- Projection System: LED Resolution: 720p HD, 1280x800px (1920x1080px scalable), 16:9 Lamp: LED, 135W, 20,000h durability White Light Output: 1,000 lumen (factory) Zoom: Digital, 1.7x Weight: 1.3kg Interfaces: VGA in, Composite in, USB 2.0 Type A, USB 2.0 Type B, HDMI 1.4, SD Card, AV In, Audio Out
Ease of Learning: 3 / 5
Ease of Use: 3.5 / 5
Enjoyment: 2.5 / 5
Design: 3 / 5
Value for Money: 2.5 / 5
FoS has featured a few projectors over the past few weeks. The first two were both Epson home theatre systems, which carried a rather large price tag. Over the next two or more weeks, we’ll be featuring a few of the more ‘budget’ projectors, better suited for your pocket. The first of these is Acer’s K335 Projector. While the K335 is marketed as a “travel projector” for business, most likely to display a few PowerPoint slides, it can, to some extent, double up as a system that can be used in the home. The K335 was put through its paces on both fronts.
Design and Build
Projectors in recent years have become more affordable, durable, and most importantly, mobile. The Acer K335 was designed to be a “travel projector,” and that it is. The K335 weighs just 1.3KG, which is light enough for even your kids to lug around…not that it’s a good idea. The idea behind the K335 is for a more mobile business, whereby businessmen are able to transport both their laptops and the projector for their PowerPoint presentations without the fuss. In fact, you can simply load the presentation onto a USB flash drive and leave the printer back at the office altogether; the K335 offering a number of different input methods.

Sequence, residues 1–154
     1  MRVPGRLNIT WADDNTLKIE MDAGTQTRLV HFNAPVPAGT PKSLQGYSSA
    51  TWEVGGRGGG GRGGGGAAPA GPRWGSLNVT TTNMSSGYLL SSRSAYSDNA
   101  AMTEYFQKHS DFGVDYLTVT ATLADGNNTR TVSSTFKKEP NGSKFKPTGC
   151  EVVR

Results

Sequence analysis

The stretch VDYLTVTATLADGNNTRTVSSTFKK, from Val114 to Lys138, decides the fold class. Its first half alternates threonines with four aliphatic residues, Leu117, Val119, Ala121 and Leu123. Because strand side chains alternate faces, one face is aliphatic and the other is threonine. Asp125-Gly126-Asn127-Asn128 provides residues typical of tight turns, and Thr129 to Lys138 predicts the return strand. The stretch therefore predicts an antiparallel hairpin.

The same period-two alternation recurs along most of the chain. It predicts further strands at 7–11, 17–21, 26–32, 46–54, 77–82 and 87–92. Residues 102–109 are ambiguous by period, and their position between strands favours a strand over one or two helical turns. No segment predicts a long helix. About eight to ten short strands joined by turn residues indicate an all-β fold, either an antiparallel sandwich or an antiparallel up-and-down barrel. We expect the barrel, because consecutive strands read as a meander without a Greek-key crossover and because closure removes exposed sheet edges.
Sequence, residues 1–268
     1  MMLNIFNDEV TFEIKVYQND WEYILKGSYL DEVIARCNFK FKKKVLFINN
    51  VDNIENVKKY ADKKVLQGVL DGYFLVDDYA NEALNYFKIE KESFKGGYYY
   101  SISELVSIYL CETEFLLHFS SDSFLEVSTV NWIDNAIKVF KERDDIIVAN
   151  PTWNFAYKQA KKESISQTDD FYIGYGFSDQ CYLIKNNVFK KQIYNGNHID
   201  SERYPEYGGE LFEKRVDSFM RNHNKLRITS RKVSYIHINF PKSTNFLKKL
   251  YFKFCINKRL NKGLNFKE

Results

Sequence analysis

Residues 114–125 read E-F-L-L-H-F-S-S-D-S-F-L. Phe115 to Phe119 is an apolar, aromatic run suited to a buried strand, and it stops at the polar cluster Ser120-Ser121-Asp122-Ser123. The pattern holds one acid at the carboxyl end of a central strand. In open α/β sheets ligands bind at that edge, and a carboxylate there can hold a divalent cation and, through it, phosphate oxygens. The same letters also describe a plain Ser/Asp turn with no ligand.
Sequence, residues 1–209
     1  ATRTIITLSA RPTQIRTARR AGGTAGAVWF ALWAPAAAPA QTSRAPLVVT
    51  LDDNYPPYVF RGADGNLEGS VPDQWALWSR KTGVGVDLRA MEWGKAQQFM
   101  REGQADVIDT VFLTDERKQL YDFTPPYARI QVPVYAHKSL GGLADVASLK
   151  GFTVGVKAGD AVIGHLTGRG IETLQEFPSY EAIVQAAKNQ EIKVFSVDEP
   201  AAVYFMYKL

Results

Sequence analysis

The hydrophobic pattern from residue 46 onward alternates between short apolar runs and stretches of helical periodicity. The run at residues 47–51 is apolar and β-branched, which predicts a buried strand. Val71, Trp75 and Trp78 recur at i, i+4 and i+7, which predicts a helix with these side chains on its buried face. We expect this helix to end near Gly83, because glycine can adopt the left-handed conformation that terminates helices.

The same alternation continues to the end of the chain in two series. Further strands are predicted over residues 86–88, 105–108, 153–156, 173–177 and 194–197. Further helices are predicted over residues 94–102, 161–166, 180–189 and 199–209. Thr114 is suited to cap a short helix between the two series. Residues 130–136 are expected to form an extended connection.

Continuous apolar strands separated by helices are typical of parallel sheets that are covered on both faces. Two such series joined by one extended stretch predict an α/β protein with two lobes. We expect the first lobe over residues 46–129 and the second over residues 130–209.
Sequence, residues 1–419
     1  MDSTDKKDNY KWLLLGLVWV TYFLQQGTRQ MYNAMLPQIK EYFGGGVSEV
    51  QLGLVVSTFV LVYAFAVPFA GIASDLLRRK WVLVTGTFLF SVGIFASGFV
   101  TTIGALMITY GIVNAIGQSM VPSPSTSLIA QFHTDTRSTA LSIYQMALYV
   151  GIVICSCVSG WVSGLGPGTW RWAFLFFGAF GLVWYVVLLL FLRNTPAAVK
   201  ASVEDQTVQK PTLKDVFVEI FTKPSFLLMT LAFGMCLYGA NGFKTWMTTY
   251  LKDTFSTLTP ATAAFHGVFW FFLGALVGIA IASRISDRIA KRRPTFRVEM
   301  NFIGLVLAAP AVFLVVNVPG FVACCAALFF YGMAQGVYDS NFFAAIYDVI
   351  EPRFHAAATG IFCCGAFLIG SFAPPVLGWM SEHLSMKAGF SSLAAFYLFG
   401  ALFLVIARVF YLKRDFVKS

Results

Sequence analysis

In terms of the actual design and layout, the K335 doesn’t do much to stand out apart from being so small and light. The top is finished with a glossy white plastic, whereas the edges, vents and sides have a matte silver plastic finish. The front face houses the 1000-lumens lamp on the far right, ventilation system on the left, and the Infrared sensor in the middle. The top of the projector houses the menu controls, along with the Acer logo and compatibility stickers. The left and right sides provide more ventilation intakes, and the bottom house two adjustable feet at the rear. The back of the projector provides a number of different input ports, including an SD card reader, HDMI, VGA, USB, microUSB and S-video. There is also room for an AV In port and 3.5mm audio out to replace the onboard sound. Although there is only one HDMI input, this is easily rectified by means of an HDMI Hub to connect additional HDMI sources.